*Dear Abdullah: In Western countries women drive, and both men and women tend to errands whenever they need to. If you’re printing a document and run out of ink, you jump in the car, go to the office supply store, buy your ink, and come back. If one store doesn’t have what you need, you just go to another. If you think of something else while you’re out, you change your plans and add that errand to your itinerary. Arranging for drivers or adhering to a bus schedule is considered burdensome.

The silver lining is that the bus is the best place to get to know the other women. You talk about what you found, or give each other tips so that next time you can find what you didn’t this time. You can help each other look for things, or pitch in to help somebody who has a shopping emergency (birthday party, feeling unwell, new to Saudi Arabia). Those things wouldn’t happen anywhere else.

We also have socials and parties and activities*. The restaurant on our compound puts on a Thursday night buffet (Thursday night is Friday night here) where we make a habit of meeting up with our friends. Some of the women play board games in the afternoons. I like to play badminton, and sometimes women from the shopping bus decide to meet at the restaurant for lunch. We’ve also started having regular “princess parties” where we dress up in our latest finds from the Princess Souk (aka, the second-Hand souk–you can find the blog post from my first trip here). Here’s our gathering from this past week:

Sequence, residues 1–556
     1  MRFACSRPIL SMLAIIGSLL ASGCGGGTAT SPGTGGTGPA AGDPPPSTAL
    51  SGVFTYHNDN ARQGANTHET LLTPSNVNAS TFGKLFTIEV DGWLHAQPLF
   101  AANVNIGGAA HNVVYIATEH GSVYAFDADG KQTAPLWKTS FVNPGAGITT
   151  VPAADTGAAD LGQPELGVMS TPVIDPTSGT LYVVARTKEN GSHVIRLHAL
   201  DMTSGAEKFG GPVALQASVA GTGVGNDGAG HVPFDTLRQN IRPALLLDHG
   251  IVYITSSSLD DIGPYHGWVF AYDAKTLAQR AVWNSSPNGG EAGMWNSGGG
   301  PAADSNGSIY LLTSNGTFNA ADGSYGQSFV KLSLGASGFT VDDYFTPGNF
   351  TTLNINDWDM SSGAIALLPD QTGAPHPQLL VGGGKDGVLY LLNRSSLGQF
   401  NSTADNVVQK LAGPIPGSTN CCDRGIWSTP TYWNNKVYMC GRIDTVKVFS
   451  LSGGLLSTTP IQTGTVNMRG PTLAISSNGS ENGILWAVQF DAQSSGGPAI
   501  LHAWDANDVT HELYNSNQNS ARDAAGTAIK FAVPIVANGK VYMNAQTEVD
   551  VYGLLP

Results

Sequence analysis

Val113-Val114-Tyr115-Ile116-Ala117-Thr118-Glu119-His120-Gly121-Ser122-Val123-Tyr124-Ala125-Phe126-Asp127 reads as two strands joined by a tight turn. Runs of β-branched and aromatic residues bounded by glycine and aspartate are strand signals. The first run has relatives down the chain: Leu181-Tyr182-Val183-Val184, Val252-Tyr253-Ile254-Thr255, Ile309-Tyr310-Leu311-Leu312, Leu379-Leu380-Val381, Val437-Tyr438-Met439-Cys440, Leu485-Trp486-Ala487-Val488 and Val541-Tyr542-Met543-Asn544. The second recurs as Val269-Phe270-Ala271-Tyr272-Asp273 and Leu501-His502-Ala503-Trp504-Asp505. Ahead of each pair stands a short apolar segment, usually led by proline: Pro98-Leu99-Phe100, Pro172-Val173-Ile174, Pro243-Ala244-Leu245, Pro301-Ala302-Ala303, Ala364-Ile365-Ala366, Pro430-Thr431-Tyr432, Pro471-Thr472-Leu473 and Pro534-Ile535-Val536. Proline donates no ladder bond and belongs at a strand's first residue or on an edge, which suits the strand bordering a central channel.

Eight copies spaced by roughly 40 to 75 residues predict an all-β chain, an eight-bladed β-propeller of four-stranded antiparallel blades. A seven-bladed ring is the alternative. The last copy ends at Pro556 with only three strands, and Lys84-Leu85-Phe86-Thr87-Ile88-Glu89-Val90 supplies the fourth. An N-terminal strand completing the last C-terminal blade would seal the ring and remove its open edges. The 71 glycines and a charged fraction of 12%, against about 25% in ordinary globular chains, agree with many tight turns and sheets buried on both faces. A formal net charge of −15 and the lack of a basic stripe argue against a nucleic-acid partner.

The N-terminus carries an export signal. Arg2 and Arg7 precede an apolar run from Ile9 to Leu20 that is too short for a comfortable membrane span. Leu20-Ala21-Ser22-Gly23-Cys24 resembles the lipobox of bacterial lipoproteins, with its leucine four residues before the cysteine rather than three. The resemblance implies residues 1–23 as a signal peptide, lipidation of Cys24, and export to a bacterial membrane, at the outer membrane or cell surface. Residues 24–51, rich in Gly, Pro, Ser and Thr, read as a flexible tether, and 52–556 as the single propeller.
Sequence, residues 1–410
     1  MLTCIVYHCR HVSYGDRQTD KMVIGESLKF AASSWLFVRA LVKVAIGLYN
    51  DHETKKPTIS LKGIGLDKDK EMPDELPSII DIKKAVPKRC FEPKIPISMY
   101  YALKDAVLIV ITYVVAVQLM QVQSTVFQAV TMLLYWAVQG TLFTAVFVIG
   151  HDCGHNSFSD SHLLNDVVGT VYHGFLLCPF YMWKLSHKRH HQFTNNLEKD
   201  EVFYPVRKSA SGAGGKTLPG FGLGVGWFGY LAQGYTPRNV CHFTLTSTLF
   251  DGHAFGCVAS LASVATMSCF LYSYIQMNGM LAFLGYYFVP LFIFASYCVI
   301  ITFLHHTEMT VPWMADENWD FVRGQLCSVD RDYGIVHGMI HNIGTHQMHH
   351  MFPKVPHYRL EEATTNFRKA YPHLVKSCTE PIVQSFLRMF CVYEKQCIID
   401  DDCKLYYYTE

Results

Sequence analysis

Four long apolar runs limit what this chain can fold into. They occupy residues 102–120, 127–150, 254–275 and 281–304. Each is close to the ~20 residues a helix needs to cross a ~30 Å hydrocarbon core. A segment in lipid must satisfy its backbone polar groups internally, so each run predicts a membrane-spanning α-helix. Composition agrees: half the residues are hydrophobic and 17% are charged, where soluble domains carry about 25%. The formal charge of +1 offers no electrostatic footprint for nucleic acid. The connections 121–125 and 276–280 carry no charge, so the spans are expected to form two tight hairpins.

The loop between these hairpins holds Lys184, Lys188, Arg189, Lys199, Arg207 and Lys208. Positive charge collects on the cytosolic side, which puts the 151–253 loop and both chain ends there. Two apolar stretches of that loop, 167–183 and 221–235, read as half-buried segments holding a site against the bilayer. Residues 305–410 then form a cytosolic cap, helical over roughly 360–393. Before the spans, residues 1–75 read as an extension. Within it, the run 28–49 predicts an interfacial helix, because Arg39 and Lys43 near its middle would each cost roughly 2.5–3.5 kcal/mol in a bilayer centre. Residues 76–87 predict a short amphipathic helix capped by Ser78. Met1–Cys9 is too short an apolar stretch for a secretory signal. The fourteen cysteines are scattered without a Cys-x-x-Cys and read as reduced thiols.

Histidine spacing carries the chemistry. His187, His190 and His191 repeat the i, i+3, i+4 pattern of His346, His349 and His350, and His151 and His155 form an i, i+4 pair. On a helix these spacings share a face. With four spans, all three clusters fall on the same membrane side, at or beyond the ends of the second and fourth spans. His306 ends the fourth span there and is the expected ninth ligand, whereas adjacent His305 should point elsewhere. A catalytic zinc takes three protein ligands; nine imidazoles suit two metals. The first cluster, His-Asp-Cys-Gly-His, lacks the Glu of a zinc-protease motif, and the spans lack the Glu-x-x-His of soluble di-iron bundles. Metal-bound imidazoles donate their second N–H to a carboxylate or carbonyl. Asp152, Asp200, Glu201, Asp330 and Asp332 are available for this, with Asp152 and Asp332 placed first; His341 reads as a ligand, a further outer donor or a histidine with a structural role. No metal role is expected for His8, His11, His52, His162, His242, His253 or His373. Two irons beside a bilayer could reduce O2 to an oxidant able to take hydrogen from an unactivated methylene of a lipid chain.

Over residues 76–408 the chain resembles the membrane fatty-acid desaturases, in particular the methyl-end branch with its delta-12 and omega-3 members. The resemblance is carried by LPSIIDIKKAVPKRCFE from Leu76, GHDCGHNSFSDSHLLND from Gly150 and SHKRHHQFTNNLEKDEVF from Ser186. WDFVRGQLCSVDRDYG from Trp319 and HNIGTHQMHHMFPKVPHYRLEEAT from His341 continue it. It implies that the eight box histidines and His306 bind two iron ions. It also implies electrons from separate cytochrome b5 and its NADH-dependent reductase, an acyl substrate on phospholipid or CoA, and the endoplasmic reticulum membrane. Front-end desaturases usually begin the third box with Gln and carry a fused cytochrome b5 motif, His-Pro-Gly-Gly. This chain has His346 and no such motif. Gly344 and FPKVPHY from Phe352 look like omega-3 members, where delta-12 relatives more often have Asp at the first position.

*Dear Abdullah: We ate dinner and went home about 10:00. No fountains, nobody in the pool, and if there were any feathers they were already on the Saudi dresses we bought here. Our “crazy entertainment” was conversation and picture taking. I had a Greek salad and some lentil soup. Oh–and a Diet Coke. Sorry to disappoint you.